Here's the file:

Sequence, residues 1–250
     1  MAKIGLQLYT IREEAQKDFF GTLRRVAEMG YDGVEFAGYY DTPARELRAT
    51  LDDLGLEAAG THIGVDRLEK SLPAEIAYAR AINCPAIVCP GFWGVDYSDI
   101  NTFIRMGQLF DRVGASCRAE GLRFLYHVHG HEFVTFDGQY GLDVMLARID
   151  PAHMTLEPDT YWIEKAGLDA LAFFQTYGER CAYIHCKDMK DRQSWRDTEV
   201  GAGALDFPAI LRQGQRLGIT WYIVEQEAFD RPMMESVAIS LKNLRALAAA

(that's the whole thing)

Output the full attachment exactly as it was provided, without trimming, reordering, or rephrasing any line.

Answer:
Sequence, residues 1–250
     1  MAKIGLQLYT IREEAQKDFF GTLRRVAEMG YDGVEFAGYY DTPARELRAT
    51  LDDLGLEAAG THIGVDRLEK SLPAEIAYAR AINCPAIVCP GFWGVDYSDI
   101  NTFIRMGQLF DRVGASCRAE GLRFLYHVHG HEFVTFDGQY GLDVMLARID
   151  PAHMTLEPDT YWIEKAGLDA LAFFQTYGER CAYIHCKDMK DRQSWRDTEV
   201  GAGALDFPAI LRQGQRLGIT WYIVEQEAFD RPMMESVAIS LKNLRALAAA